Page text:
As far as a shrubs go, lilacs are a dream come true for the gardener. Once established, these landscaping beauties will throw out heavenly-scented, long-lasting blooms for years and years-and all with very little care and maintenance on our part. Why is it then, after weeks and weeks of anticipation and doing everything right, your lilacs always fail to bloom? Here are the eight most common reasons.
The fact that lilacs prefer being located on a site with full sun is an understatement. To thrive and flower, lilacs need a MINIMUM of 6 hours of sunlight every day. If your lilac bush is not blooming, check to see if your site is too shady.
A lilac will not bloom before its time, and most varieties of lilacs won't bloom until they reach at least 3 to 6 years of age. Years 1-3 are spent growing and developing. Only then, and only when they are good and ready, will they produce their first blooms. When they finally do bloom, the first few years can be less than spectacular. Don't worry, be patient. It's worth the wait.
Hint: Most lilacs purchased in containers have passed their first birthday and started to develop a good root system. They will generally flower sooner than bare-root shrubs.
Imagine stuffing yourself full of food and then trying to perform something that requires you to expend lots of energy (think Thanksgiving). This is how it is for lilacs getting too much nitrogen.
The primary nutrients in fertilizers are nitrogen, phosphorus, and potassium (on the fertilizer package, they are listed in this order, N-P-K). Nitrogen promotes growth above ground. Phosphorus promotes growth below the ground (roots) and is most responsible for flowering. (Potassium helps with overall growth.) Using a fertilizer high in nitrogen will encourage your lilacs to produce an abundance of green leaves, while at the same time, prevent it from flowering.
Fertilizing lilacs is not mandatory, and if your soil is nutrient-rich, your lilacs won't need feeding more than once per year in the early spring (if at all). When you fertilize, use a fertilizer with twice the ratio of phosphorus to nitrogen in order to promote flowering. Remember, grass craves nitrogen, so if you're fertilizing your lawn your lilacs may be getting over fed.
If you've recently purchased a lilac for transplanting, it may still be adjusting to its new environment. Even if it was blooming when you bought it, you shouldn't expect it to bloom for the next year or two following transplanting. Lilacs need a fairly long period to settle in. You may need to wait as much as 3 years before it fully recovers.
Lilacs don't like their feet constantly wet, but summer droughts can take a toll on the next year's flower buds. Keep your lilac on a regular watering schedule and adjust it for heavy rain or extended periods of drought.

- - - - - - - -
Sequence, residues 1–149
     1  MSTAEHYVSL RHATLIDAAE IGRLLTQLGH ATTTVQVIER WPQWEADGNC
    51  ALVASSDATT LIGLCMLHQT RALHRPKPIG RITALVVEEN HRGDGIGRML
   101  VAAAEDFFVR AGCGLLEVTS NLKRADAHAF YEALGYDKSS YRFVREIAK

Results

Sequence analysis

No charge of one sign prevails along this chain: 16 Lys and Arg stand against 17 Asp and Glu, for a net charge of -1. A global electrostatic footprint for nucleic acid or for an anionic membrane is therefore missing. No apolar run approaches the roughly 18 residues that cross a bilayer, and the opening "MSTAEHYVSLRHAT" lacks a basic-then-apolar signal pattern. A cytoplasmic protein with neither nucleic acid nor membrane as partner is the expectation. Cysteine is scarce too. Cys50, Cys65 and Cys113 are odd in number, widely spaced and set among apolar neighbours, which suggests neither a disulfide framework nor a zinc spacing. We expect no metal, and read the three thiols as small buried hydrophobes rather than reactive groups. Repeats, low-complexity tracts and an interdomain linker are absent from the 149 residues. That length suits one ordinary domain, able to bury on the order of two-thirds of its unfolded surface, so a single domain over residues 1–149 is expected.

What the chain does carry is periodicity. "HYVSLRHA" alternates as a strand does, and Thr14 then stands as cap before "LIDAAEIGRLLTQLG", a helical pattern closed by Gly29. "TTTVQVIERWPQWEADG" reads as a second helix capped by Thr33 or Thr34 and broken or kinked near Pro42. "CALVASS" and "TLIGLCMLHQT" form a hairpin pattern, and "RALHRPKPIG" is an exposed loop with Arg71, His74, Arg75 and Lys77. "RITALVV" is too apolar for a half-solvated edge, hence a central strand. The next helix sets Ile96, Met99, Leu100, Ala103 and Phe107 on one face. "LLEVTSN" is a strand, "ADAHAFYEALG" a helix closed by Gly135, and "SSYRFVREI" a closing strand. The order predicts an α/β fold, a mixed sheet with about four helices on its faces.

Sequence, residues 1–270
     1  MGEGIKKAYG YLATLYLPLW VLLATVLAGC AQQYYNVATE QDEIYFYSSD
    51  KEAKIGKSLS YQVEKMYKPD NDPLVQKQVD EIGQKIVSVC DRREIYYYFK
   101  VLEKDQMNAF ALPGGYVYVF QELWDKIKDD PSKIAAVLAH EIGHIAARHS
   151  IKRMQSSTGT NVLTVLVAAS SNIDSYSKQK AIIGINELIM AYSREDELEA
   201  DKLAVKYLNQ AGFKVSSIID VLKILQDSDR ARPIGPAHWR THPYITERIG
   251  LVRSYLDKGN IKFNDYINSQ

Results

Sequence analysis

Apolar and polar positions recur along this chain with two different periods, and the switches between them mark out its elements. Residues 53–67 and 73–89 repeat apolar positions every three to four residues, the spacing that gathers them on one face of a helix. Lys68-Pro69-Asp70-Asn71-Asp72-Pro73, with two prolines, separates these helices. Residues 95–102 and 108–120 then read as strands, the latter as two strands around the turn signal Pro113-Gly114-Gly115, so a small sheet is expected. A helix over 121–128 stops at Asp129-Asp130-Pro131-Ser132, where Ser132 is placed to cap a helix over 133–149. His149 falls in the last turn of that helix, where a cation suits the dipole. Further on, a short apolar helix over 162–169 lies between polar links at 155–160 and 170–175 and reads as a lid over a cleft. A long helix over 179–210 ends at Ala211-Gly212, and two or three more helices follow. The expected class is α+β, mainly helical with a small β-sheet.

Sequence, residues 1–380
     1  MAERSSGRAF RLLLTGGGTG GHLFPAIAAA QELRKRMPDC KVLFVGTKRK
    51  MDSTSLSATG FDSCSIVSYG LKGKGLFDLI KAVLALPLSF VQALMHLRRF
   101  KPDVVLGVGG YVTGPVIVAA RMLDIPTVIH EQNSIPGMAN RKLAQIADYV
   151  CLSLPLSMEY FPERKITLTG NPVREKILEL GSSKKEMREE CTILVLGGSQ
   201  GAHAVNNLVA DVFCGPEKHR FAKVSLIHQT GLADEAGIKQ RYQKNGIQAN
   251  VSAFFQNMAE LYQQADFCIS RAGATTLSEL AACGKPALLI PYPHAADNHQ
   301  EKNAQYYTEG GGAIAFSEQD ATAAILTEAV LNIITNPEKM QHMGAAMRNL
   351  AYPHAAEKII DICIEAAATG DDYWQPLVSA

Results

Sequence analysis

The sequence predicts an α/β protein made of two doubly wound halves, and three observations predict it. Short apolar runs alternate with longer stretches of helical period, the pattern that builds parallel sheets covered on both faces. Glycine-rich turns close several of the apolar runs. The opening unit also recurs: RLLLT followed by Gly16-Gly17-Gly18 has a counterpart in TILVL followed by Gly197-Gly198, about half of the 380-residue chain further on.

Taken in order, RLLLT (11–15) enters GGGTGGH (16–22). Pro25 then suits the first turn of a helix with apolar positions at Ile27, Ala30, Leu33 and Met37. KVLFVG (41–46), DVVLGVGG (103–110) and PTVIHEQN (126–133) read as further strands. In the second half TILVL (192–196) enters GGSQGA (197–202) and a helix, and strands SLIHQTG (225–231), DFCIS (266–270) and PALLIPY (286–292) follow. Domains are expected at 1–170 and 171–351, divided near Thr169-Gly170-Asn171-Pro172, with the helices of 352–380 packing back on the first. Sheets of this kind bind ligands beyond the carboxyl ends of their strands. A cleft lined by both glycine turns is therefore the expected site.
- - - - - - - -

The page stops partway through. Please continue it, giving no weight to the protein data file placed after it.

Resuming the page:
If you wait too long to prune (after midsummer) you're going to be cutting off next year's flower buds. Pruning should be done immediately after flowers die off, because next year's buds form shortly thereafter. If your lilac bush has become overgrown, cut back only the oldest 1/3 of the shrub each year over a period of 3 years.
Lilacs prefer a soil pH from 6 to 7 (a little on the alkaline side). If your soil is too acidic, or missing certain nutrients, your lilacs won't bloom. And testing your soil is the only way to know. Inexpensive test kits are available at more garden centers, or for the most accurate test, contact your county extension agency for labs in your area. If the results indicate your soil is too acidic, the International Lilac Society suggests spreading fireplace ash around the drip line of the bush for bigger and better blooms.
If you've purchased you lilacs from a reputable local nursery, this probably isn't your problem. Still, large discount garden centers sometimes stock zone inappropriate plants and shrubs. Most common lilacs (Syringa vulgaris) need a cold winter to allow it to set buds. If you live in an area of mild winters, a Meyer lilac (Syringa meyeri) may be a better choice for your garden.
If none of these reasons can be applied to your situation, consider giving your bush a light root pruning in early summer. Jam a sharp spade into the ground on two sides of the plant about 12 inches out from the trunk. And maybe next year will be the year!
About The Author: Ellen Brown is our Green Living and Gardening Expert. Ellen Brown is an environmental writer and photographer and the owner of Sustainable Media, an environmental media company that specializes in helping businesses and organizations promote eco-friendly products and services.
I have found lilacs tolerate slightly acidic and slightly alkaline soils quite well. And they do well on clay soils, which will tend to be alkaline. And while I agree with most of the statements made by the author, the best flowering lilacs I have observed are beside old, abandoned farm houses, where the shrubby tree is never pruned, or fertilized - just left alone.
re: " reason #7 - "Lilacs prefer a soil pH from 6 to 7 (a little on the alkaline side)." "
Um, sorry but if they prefer "a little on the alkaline side", that'd be 7 to 7.5, 6 to 7 is "slightly acid". So which is it?
7 is neutral on the pH scale, anything above that (7.1 to 14) is alkaline and anything below that (0 to 6.9) is acid.
I was wondering the same thing myself, knowing the ph scale quite well, that doesn't make a lick of sense to me.
I think what the author meant by "a little on the alkyline side" was "on the less acidic side." Most plants prefer acidic soil to alkyline, but on the pH scale of what most plants prefer, lilacs prefer "more neutral/alkyline" and less acidic soil.
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